Laudato si, mi Signore, per sora Luna e le stelle:
in celu l’ài formate clarite et pretiose et belle.
Be praised, my Lord, for Sister Moon and the stars,
In heaven you formed them clear and precious and beautiful.
No stars, but Sister Moon is out early. A nice crescent, thin and bright against the cloudless blue. It is a blessing to see the moon on a day like today. It’s a reminder that night comes early and a lot of the sounds we’re accustomed to hearing in the woods are silent, the frogs deep in the mud, the birds south, except for the red-breasted nuthatches honking at each other. The cold seeps into your bones, reminding you that without Sister Oak and Cousin Hickory, the house is cold and dreary.
Laudato si, mi Signore, per sora nostra matre Terra,
la quale ne sustenta et gouerna,
et produce diuersi fructi con coloriti fior et herba.
Be praised, my Lord, for our sister, Mother Earth,
Who sustains us and rules us,
And produces diverse fruits with colorful flowers and grasses.
Mother Earth was good to me today. The flowers are gone, mostly, but we found some glorious grasses and the last of the red currants and bittersweet along the road, their cheerful red even brighter against the dun-colored grasses, which couldn’t decide between gray and brown. It’s not in the poem, but Mother Earth is also a soft, brown bed, in whom we bury each other and cover each other with a sweet blanket of sod, and hopefully a few colorful flowers too. I like to think of Mother Earth as giving us a nice, cool hug when we finally go the way of all flesh.
Wisconsin breeds the sort of people who like a deep taproot, one that goes deep and reaches the water. Let others move to the big cities, to the fast-paced coasts, where life runs at a speed that reminds us of hamsters on an exercise wheel. Leave me behind, halfway between the coasts, insulated by prairies from the hectic pace of the big and noisy.
My taproot was cut when I was nineteen and I took off from home in California (big and noisy par excellence) and set off for Italy, never to return to California. I was without home, without place for several years, until I met a young Wisconsin woman who had a very deep root system and invited me to grow alongside her.
It wasn’t a hard choice. As I visited with her family and traveled the back roads between Belmont, Rewey, Arthur, Mineral Point, and Platteville, I fell in love with the land around me, which only deepened my love for my wife. After twenty three years, I have put down a very thick, deep taproot that is impervious to any sort of drought. I have found my place. It’s here
Laudate et benedicete mi Signore et rengratiate
e seruiteli cum grande humilitate.
Praise and bless my Lord and thank him
And serve him with great humility.
After 30 years, I find myself continually nourished by this place, and look forward to continuing the exploration, on foot, by canoe, and occasionally, in an old cemetery. I do think I serve, sometimes with and sometimes without humility, when I take friends and other various and sundry people on the rivers and streams of this Driftless Area, the southwestern part of the state of Wisconsin where the glaciers just couldn’t quite reach.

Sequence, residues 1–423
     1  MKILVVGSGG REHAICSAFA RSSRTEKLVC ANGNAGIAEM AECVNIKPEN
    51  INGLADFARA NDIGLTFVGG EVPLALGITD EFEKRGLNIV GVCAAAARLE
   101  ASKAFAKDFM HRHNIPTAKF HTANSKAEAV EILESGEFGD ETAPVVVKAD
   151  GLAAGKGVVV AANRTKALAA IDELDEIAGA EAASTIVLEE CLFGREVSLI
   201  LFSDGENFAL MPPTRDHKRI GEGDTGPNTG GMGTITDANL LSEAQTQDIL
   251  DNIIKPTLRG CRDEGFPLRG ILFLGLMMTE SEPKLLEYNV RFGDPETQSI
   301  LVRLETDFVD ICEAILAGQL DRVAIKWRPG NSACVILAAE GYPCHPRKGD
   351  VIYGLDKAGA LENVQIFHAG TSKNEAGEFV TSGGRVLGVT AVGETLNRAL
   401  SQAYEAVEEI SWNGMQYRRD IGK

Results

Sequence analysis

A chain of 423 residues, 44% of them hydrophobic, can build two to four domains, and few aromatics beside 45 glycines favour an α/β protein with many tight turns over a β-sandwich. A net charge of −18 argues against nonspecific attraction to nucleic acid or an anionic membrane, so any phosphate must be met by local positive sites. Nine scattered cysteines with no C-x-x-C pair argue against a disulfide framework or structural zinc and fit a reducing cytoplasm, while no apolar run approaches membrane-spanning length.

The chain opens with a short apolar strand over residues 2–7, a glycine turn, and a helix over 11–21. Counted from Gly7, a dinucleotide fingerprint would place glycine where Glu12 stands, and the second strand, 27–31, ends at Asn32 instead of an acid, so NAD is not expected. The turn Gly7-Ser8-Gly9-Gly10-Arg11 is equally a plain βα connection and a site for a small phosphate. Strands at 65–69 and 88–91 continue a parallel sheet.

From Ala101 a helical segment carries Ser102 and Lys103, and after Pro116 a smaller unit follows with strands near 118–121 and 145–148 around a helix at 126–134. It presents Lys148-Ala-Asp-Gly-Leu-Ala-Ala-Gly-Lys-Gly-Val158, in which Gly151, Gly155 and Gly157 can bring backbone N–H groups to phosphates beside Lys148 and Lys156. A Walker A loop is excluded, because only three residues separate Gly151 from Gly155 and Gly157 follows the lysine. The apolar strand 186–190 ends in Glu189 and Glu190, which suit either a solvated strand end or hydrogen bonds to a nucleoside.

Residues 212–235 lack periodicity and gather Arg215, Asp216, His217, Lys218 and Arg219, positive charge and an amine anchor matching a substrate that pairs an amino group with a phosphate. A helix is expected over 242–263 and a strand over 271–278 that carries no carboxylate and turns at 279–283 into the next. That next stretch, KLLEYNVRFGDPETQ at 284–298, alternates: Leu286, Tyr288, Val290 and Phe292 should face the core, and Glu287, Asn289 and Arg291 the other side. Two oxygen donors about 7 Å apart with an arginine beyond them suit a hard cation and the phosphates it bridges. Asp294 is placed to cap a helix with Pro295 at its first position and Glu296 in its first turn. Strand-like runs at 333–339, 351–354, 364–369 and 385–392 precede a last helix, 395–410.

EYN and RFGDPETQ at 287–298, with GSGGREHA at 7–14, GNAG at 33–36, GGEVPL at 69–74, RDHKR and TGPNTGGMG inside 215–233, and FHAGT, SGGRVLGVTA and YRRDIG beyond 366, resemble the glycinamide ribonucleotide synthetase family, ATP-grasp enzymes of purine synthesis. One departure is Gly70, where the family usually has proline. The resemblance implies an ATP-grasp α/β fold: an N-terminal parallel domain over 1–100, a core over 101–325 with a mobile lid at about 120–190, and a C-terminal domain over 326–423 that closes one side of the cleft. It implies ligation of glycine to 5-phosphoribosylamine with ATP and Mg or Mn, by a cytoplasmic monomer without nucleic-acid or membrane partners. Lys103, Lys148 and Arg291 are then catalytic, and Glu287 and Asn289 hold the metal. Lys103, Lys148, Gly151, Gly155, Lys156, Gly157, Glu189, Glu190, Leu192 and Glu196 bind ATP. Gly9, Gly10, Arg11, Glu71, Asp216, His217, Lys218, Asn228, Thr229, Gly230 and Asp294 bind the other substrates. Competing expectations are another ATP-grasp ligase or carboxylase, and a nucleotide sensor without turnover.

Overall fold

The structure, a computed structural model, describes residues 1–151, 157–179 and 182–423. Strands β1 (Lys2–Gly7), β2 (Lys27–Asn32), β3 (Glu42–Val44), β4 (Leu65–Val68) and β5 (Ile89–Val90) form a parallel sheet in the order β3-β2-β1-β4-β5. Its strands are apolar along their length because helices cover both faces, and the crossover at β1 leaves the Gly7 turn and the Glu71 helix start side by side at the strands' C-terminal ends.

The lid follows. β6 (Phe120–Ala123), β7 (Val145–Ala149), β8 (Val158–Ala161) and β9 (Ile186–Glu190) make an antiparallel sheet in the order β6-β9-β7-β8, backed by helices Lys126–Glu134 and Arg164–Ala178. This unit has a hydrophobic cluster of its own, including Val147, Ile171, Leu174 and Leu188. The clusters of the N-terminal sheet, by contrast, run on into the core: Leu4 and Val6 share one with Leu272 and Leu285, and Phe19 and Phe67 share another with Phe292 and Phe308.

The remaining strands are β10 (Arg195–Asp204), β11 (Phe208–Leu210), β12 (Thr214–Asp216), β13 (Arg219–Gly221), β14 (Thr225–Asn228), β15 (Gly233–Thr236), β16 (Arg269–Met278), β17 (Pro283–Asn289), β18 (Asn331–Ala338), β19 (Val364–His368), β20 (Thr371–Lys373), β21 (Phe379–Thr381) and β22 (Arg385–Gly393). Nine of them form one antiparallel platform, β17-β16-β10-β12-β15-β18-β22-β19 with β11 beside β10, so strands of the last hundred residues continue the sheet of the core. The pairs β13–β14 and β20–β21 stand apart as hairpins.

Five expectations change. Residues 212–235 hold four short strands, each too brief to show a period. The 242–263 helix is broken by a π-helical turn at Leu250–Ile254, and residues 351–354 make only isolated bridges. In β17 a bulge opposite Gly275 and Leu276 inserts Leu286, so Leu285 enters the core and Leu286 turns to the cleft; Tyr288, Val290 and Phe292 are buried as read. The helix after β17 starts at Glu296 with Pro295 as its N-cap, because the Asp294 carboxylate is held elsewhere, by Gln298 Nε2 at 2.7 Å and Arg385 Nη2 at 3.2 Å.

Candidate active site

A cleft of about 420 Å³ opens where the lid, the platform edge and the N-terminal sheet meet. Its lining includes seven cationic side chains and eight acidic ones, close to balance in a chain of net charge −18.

That’s my place. Good luck rooting me out.
I’m sitting in the United Club, ensconced in a comfy chair with two outlets, one for each electronic device that accompanies me on my business trips. I’m off to DC for a board meeting, just an overnighter, so I’m traveling light.
I don’t fly enough to hate it, but I fly enough that I don’t like it. Still, as I walk through the Cathedral of Travel that is Chicago O’Hare, I do my best to wear a Buddhist half-smile and pass it along to anyone not staring at their smartphones or talking to themselves. I walk the length of two terminals, and I get one smile from a Hispanic woman who stops me to ask the time in a thick Spanish accent. I look at my watch and without thinking about it I say ocho y media. “I mean, eight thir…” but she says gracias, with a warm half-smile.
It’s easy to wear a full-smile as I descend the escalator to the United Club, the bastion of business travelers, a quiet little sanctuary. I wear less of a smile when I learn my membership card expired last November. I hope for some leniency from the woman at the counter, but her smile is a little icy as she slides the card back to me. “Or,” she says, “You can renew your membership…” So I renew. The smile thaws just a bit but retains a respectful chill. Take a lesson from my Hispanic friend, I say to myself.
I actually enjoyed the 45 minute flight to ORD. ORD may seem a strange name for the airport for a major American city. Why not CHI? I mean, Los Angeles is LOS. Atlanta ATL. ORD is ORD because before it was one of the busiest airports in the world, it was an orchard.
As I waddle down the aisle of my CRJ700, computer bag in one hand and my socks and underwear in the other, a beautiful African-American woman struggles to put 105% of carry-on into 100% of overhead bin. She’s dressed to the tens, not the nines, and despite her considerable heels she’s just short enough to make stowing luggage a ponderous task. Behind her stands a stereotype in Dockers, a blue blazer and light blue shirt, no tie, loafers. He looks noticeably irritated, shifting his weight back and forth as if that’s going to speed the process. I wonder why he doesn’t offer to help. I mean, this guy’s six-foot plus and a gentle nudge from below would considerably speed up the process. I really want to reach around him to help her, accidentally clocking him in the jaw as I do so, but she receives help from a fellow passenger behind her. I pray that he’s not sitting next to me. My prayer is answered.